CHICAGO - The National Institute for Metalworking Skills (NIMS) Student Summit at the International Manufacturing Technology Show (IMTS) 2010 will combine an interactive orientation and Career Development Center (CDC) with a dynamic self-guided tour of the technology and manufacturing exhibition. IMTS is being held September 13 to 18, 2010, at Chicago’s McCormick Place.
Admission to IMTS 2010 for educators and their students is free and field trips are encouraged for students from middle school through high school and college levels. Student registration for the event opens April 1, 2010.
Sponsored by the Association For Manufacturing Technology (AMT) along with NIMS, the event’s main goal is to generate interest and incite enthusiasm in young people for precision manufacturing through direct contact with industry professionals and state-of-the-art technology. Educators can have their students witness emerging technologies that will be the future platform for precision manufacturing.
“The future of manufacturing rests heavily on having a smart and capable work force,” states Peter Eelman, IMTS vice president - exhibitions & communications. “We are offering the opportunity for students and educators to experience IMTS, be immersed in precision manufacturing and interact with industry professionals, as well as take advantage of the outstanding program NIMS has planned for our student attendees. “We hope that students will see first-hand the outstanding, well-paying career opportunities precision manufacturing has to offer.”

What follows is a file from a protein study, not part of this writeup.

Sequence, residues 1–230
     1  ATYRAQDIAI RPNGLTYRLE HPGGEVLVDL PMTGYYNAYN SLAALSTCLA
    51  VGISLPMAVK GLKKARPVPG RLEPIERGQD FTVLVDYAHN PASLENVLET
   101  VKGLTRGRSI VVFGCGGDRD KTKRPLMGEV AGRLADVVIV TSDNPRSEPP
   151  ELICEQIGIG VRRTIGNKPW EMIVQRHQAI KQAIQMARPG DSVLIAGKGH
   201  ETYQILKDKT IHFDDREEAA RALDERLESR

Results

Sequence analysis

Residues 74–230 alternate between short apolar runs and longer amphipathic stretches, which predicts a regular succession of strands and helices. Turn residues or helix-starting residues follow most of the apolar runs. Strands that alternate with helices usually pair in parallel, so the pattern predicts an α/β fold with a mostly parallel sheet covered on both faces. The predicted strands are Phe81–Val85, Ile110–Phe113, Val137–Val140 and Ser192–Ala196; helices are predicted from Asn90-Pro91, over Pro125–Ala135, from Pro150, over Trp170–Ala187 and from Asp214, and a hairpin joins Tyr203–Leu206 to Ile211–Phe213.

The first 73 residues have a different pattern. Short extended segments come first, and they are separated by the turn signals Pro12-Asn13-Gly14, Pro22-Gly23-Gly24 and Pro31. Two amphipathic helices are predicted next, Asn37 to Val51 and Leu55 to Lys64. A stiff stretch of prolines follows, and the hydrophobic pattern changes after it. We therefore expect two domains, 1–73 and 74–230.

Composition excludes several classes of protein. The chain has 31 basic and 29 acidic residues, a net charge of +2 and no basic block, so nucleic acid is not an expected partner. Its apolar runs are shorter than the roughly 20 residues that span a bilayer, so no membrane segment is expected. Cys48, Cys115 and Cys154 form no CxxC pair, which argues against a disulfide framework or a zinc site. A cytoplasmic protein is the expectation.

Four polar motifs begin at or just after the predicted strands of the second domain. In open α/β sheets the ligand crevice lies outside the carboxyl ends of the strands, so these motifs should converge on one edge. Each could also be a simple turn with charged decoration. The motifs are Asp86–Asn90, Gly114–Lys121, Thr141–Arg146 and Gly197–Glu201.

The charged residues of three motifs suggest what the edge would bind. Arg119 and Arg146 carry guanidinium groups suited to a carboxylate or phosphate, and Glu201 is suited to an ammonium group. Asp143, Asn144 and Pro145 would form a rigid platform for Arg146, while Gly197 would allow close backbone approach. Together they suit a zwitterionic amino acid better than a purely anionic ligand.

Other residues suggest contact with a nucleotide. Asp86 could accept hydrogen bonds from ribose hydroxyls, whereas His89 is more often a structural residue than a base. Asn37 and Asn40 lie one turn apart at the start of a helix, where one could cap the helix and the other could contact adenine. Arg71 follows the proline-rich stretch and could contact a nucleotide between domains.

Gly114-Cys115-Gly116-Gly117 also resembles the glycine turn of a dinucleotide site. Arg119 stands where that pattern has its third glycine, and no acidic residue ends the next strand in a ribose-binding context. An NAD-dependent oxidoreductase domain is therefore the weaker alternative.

NIMS Executive Director Stephen Mandes says, “It’s exciting to put together such a comprehensive program to serve our youth who are clearly the future of manufacturing.” He continues, “By tying the information we share in the orientation directly to processes students will see in the CDC and on the show floor, we can do an outstanding job of communicating the wide variety of exciting and rewarding career options in precision manufacturing.”
The NIMS Student Summit will feature the return of student-friendly exhibitors. Students will have the ability to interact with IMTS exhibitor personnel, ask questions about career opportunities and the skill sets required for entrance into the precision manufacturing industry. Examples of student-friendly exhibitors for 2010 include Sandvik Coromant, Agie Charmilles and Mori Seiki, to name a few.
The Career Development Center will be the focal point of the NIMS Student Summit. As part of the CDC, all students will experience an interactive event orientation during which they will learn about what they can expect during their visit, how their IMTS experiences will relate to future career opportunities in the industry, and hear from successful, young professionals in the industry. The CDC will feature industry human resource representatives who will discuss careers and opportunities with the students.
Graduating high school and college students may drop off their resumes, including contact information, to the CDC for participating companies to review for job openings. Educators bringing groups of students will be given more details about this exciting opportunity prior to IMTS.
The NIMS Student Summit at IMTS 2008 attracted more than 9,000 students and educators.
IMTS is the largest and longest running manufacturing technology trade show in the United States and is held every other year at McCormick Place in Chicago. IMTS is ranked among the largest trade shows in the world. Recognized as one of the world’s preeminent stages for introducing and selling manufacturing equipment and technology, IMTS attracts more than 92,000 visitors from every level of industry and more than 116 countries.
Continually updated information on the 2010 NIMS Student Summit at IMTS is available atwww.IMTS.com/student.